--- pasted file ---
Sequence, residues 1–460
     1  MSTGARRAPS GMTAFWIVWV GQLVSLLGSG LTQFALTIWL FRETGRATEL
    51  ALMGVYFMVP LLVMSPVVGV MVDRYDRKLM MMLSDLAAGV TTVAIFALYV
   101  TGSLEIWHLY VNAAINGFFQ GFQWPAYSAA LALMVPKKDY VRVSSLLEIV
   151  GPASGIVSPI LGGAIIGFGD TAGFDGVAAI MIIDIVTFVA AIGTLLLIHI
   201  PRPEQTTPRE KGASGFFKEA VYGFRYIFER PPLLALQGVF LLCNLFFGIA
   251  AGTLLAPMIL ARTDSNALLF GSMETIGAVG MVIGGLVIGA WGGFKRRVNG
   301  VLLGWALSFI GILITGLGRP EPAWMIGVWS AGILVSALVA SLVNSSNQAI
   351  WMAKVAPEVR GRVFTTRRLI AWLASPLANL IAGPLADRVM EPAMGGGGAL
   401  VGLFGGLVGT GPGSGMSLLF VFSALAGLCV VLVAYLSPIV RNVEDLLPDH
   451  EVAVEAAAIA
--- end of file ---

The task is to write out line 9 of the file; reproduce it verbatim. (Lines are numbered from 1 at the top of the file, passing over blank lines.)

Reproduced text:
   351  WMAKVAPEVR GRVFTTRRLI AWLASPLANL IAGPLADRVM EPAMGGGGAL